While it’s possible to condense the story of “The Ring of the Nibelung” into as little as forty-five minutes, as done by the late Anna Russell, it’s essentially impossible to do it without humorous effect, and “The Skylight Ring” does definitely go for the laughs.
Wagner’s Ring over all takes up eighteen hours, is most often performed over the course of four separate evenings, and has a cast of thirty characters plus chorus, and a large orchestra. The Skylight Ring was performed by a cast of four playing two dozen characters, with one of the performers, Robert Frankenberry, also providing accompaniment on the piano. A great deal of the condensed action is delivered either as narration, also by Frankenberry, or by modernized dialog. Actually, this was our largest complaint with the performance: too much talking and not enough singing. Even if you accept the old saw that “Wagner has wonderful moments—and bad half hours—“ there’s more than enough great music in the Ring to fill a two hour “greatest hits” session. Excerpting may be a problem, as Wagner doesn’t often break his later operas down into arias, but it can be done.
Anyway, what we did get was entertaining, if pretty far from Wagner in a lot of ways—notably the ways in which The Lord of the Rings influenced this production—a “ring” of influence, if you will, since Tolkien borrowed the idea of the cursed ring that is desired by all who behold it from the Volsungasaga, the literary source of Wagner’s adaptation of the Nibelungenleid. In particular, the ring is referred to several times as having world-shattering power, an idea that comes from Tolkien, not the Icelandic poets. In addition, Alberich (Mr. Frankenberry), the dwarf who forswears love in order to seize the Rhine treasure, becomes a sort of “Gollum” figure, stalking the Ring through the generations of the Volsungs, disguised (in this version) as the villains Hunding, Mime, and Hagen. (Rather like those productions of “Tales of Hoffman” where the same bass-baritone sings all four villain roles--.)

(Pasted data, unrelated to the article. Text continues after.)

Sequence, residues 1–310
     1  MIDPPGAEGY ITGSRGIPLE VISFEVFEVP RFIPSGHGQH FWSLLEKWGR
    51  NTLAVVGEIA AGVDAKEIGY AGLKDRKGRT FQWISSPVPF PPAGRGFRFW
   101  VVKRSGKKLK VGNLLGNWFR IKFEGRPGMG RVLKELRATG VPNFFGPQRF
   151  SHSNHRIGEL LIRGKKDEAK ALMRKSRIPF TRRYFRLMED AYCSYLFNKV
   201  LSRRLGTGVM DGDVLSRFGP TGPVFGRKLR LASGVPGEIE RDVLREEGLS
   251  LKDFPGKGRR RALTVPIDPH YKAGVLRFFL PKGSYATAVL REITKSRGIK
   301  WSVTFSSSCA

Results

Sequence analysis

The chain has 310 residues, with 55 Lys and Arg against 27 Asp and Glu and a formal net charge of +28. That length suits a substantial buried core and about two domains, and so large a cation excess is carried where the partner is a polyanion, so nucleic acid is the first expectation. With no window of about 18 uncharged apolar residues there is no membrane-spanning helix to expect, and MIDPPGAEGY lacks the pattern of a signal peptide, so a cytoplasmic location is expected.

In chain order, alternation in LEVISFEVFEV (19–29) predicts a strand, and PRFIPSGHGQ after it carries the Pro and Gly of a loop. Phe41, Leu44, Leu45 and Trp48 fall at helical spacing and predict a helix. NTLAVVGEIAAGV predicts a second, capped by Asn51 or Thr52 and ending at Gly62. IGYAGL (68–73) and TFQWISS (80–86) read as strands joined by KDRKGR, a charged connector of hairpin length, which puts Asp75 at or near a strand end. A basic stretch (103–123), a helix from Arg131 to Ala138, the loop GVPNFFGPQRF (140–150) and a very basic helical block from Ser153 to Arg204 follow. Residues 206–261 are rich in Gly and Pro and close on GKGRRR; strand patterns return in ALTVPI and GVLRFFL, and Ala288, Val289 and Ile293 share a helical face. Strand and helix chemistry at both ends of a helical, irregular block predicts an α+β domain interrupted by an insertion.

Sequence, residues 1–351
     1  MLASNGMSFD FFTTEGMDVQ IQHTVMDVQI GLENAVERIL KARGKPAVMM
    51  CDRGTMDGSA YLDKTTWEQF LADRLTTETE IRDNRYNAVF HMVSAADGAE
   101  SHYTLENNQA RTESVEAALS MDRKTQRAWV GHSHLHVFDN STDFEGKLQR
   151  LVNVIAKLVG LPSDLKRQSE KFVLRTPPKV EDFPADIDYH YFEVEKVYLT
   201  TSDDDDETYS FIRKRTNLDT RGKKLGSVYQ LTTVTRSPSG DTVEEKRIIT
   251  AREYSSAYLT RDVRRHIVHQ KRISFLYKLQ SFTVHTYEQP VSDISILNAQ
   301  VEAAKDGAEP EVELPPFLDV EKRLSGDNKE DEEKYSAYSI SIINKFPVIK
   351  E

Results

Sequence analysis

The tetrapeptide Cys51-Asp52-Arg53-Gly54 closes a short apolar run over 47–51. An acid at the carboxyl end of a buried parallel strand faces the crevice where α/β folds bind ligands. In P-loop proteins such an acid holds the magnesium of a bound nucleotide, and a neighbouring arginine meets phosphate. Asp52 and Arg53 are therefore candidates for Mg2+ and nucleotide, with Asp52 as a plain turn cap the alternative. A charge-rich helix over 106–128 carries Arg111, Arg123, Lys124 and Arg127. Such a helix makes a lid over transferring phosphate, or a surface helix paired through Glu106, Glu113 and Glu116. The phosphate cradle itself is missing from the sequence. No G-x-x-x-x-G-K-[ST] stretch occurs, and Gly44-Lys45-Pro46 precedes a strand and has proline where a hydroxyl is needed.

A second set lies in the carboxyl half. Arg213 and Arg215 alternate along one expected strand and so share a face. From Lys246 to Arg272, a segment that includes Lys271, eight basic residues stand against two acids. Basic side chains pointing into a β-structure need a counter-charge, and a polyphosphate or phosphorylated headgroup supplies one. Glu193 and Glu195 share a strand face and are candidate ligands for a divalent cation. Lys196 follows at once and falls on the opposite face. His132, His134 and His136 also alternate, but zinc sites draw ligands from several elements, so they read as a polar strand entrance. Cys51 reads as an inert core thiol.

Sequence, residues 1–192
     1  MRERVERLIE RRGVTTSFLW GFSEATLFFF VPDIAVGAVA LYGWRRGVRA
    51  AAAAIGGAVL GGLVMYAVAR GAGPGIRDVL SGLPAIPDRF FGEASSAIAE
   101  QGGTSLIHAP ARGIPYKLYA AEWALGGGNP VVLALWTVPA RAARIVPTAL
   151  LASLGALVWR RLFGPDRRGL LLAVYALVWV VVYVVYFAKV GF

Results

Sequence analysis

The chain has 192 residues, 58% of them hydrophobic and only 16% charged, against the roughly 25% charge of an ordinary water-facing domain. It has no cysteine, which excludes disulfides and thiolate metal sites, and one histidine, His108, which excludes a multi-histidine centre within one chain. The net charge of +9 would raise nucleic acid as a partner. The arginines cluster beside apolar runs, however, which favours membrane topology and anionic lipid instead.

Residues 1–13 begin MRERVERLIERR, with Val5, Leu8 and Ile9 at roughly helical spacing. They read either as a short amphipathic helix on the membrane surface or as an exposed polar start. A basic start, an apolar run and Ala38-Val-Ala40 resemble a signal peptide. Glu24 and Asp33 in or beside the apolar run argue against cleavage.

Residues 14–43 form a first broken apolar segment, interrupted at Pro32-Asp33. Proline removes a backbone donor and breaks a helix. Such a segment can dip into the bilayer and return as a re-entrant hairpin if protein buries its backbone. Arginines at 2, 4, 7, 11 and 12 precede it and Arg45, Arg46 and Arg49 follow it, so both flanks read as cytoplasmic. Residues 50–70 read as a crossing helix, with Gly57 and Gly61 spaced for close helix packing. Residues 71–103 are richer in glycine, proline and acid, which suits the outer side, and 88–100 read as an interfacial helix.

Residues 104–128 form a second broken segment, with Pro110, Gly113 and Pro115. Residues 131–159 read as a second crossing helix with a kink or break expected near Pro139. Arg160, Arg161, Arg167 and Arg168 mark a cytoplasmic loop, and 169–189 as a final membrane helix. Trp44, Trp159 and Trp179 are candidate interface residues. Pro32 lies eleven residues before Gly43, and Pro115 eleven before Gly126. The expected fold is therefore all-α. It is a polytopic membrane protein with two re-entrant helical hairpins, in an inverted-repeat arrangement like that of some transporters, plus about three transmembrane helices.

The other singers each also took on a number of roles, with Tim Rebers pivotal part being Wotan, but covering everything from the Rhinemaiden Flosshilde to the raven Memory (Munin). Erin Sura had some of the longest singing bits as Brunnhilda, but also played Freia, Loge, The Norn, The Forest Bird, and Gutrune. Colleen Brooks, recently seen as Dora Marx in “The Snow Dragon,” played among others Fricka, Fasolt, and Erda, but had her largest role (and the most fun) playing the swaggering and shallow Siegfreid.
The simple set consisted of the stage floor done as the section of an enormous tree, referring to Yggdrasil, the world-tree, which was also represented as a kind of cartoon signpost pointing in all directions at one side of the stage. A large chest up center held props. Costumes were partial and representative (crowns, cloaks, eyepatch--), which resulted in some amusing and sometimes clever effects, as when, for Seigfried to disguise himself as Gunther, Ms. Brooks appropriates and dons the “nose glasses” Mr. Rebers had been wearing as the Gibichung.
The performance was not without musical high spots, notably Ms. Sura’s songs as Brunnhilde, and Mr. Rebers’ evocation of the ring of fire as Wotan. The piano score was well played by Mr. Frankenberry, but just does not succeed in doing justice to Wagner’s music. Wagner, of all opera composers, was perhaps the greatest master of the horns, and “The Ride of the Valkuries/Brunnhilda’s Battle Cry” without brass is, frankly, an egg without salt.
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